While some of these names might not be registered as trademarks, they might still have some state protection of some sort.

Any comprehensive form of searching in this step will always pay off by reducing the potential trademark problems before filing an application and investing actual money (and time) in the process.

Step 2: File an Application

After completing your research and making sure that you’ve eliminated the most possible legal troubles and unwanted hassle, it’s time to file an application with the USPTO to trademark your business name.

Recently, the USPTO made the process much easier by applying online through the Trademark Electronic Application System (TEAS).

The application will require you to fill in some information regarding your business, such as:

  • Your business name
  • Your name and address as the future trademark owner
  • The kind of product you want to protect (goods or services)
  • The status of your products (whether you’re already in business or haven’t started yet

Throughout the application process, you’ll also need to provide a sample that shows your business name while in use. 

A good tip here is to hire an attorney who specializes in such aspects to avoid problems and meet the requirements within your deadlines. 

How Much will a Trademark Cost You?

According to the USPTO website, the initial application fee is $275 (TEAS Standard) or $225 (TEAS PLUS) per class of goods/services as of 2020.

Keep in mind that this price is per the individual mark. So, you’ll need to do a separate filing for every mark you wish to protect. 

Similarly, if you use the same mark for various classes, such as using it on tools as well as garments, you’ll have to file an application for each to get approved.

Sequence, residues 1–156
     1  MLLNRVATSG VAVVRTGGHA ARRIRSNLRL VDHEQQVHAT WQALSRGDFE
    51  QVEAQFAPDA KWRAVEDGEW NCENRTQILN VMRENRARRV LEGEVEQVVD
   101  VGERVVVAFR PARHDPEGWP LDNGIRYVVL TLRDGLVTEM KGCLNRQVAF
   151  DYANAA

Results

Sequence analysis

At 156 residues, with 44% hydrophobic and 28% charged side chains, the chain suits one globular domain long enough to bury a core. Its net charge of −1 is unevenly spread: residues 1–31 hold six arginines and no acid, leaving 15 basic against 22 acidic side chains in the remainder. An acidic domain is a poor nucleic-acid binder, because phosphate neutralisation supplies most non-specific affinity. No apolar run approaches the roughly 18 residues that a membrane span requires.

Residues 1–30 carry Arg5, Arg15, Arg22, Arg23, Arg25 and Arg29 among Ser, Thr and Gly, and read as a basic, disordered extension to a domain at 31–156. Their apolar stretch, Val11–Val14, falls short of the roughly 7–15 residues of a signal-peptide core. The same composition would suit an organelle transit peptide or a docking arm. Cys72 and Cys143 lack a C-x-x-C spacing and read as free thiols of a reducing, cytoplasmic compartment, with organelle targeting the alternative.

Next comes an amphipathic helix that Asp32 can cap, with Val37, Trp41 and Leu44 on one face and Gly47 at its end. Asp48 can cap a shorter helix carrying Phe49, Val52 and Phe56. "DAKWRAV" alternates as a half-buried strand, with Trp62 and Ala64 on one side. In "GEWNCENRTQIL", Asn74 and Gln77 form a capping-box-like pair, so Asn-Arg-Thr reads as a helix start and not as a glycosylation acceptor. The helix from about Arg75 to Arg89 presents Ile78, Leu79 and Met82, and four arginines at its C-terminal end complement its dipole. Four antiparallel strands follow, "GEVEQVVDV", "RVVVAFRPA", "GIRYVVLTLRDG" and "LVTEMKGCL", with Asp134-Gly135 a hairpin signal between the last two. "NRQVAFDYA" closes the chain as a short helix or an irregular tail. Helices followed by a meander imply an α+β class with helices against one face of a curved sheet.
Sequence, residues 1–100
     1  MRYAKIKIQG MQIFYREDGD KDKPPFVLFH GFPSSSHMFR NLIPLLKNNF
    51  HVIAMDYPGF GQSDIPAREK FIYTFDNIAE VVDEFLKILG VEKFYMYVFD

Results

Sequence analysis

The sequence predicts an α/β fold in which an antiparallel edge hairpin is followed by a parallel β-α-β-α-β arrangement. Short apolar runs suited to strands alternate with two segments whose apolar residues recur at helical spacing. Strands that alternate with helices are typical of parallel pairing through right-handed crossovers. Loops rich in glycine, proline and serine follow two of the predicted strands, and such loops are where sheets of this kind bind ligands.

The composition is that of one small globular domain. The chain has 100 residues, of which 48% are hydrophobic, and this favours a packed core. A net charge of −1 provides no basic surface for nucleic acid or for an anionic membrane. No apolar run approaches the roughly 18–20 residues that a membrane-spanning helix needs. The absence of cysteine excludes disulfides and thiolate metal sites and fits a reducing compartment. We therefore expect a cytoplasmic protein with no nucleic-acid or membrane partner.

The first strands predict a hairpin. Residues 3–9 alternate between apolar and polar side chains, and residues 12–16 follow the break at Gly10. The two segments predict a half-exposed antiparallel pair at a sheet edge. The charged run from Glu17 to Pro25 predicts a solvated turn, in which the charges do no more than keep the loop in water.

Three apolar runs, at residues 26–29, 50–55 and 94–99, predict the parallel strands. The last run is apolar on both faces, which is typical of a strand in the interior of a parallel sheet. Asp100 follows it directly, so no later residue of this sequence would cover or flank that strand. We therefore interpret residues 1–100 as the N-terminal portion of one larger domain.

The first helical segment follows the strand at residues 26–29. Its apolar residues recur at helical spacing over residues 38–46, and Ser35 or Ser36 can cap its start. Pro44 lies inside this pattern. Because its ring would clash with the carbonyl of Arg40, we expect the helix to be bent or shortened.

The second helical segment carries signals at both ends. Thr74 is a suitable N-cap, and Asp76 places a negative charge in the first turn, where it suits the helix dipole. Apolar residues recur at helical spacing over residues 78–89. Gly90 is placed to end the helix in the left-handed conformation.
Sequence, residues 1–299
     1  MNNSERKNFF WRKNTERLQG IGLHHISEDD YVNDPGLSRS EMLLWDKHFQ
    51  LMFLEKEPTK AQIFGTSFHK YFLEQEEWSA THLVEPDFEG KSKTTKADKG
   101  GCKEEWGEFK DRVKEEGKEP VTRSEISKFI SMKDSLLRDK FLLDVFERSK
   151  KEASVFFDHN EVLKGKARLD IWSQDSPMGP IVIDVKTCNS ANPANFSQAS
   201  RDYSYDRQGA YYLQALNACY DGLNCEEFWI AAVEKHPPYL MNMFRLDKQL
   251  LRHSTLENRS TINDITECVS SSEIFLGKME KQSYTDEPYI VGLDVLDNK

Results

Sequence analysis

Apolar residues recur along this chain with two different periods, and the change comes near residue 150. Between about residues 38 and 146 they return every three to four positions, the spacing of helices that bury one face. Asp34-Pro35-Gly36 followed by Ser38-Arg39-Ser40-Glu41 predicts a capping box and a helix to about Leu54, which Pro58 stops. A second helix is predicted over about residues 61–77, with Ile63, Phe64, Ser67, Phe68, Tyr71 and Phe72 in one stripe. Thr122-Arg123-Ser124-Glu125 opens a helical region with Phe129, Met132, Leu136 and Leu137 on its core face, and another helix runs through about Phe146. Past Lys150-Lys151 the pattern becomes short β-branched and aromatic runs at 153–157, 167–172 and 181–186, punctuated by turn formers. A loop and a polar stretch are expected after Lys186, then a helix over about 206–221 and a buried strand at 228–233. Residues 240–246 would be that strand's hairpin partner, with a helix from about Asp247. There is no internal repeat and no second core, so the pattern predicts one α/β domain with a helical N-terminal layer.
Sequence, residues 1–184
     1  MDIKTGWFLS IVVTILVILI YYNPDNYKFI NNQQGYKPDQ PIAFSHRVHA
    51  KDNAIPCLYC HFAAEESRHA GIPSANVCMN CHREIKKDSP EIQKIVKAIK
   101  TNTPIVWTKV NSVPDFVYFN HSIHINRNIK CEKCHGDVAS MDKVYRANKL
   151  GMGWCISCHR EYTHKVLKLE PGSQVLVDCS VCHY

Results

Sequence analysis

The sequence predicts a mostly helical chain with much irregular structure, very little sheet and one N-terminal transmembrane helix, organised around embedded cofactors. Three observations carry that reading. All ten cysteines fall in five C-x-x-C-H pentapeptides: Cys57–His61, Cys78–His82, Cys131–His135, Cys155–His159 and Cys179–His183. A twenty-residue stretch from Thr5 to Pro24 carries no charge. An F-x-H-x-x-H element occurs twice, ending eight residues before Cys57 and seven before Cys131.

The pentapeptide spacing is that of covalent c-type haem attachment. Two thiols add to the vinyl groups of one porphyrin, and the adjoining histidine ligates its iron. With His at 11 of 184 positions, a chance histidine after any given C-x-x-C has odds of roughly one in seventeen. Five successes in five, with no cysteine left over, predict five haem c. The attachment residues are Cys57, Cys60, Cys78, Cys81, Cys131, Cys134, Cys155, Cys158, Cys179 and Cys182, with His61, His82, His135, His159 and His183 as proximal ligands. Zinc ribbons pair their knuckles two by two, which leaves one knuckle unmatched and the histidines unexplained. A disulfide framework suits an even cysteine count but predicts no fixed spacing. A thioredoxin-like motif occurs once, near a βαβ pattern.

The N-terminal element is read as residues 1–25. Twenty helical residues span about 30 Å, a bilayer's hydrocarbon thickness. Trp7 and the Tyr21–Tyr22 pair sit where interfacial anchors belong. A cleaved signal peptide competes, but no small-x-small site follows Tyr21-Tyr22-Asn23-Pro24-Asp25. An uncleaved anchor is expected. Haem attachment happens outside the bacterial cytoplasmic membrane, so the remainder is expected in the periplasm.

Step 3: Respond to the Contested Feedback

After filing your trademark application, it’ll undergo review by USPTO examining attorneys. You have to stay alert during that stage, as the USPTO might send you an office action letter, which means that there’s a certain issue with your mark that needs resolving.

The letter will explain the problem and the deadline you have to resolve the issue. Make sure you stick to that deadline or the application will be denied.

The examiner might also request additional documents, which you have to submit within a deadline.

Keep in mind that your application will be published through the official gazette and will go through a 30-day period where other business entities have the ability to oppose your mark if it infringes theirs. That’s another reason why having an attorney will make things much more streamlined.

Once all disputes end, you’ll receive a Notice of Allowance (NOA). this NOA states that you’re now eligible to use your mark, so it’ll be registered within their official database.

Wrap Up

That’s it, now that you’ve received your trademark eligibility notice, you’ll enjoy its protection perks and add the “®” symbol to your business name.

Now that you know how to trademark a business name, you can focus on growing your business and build your brand!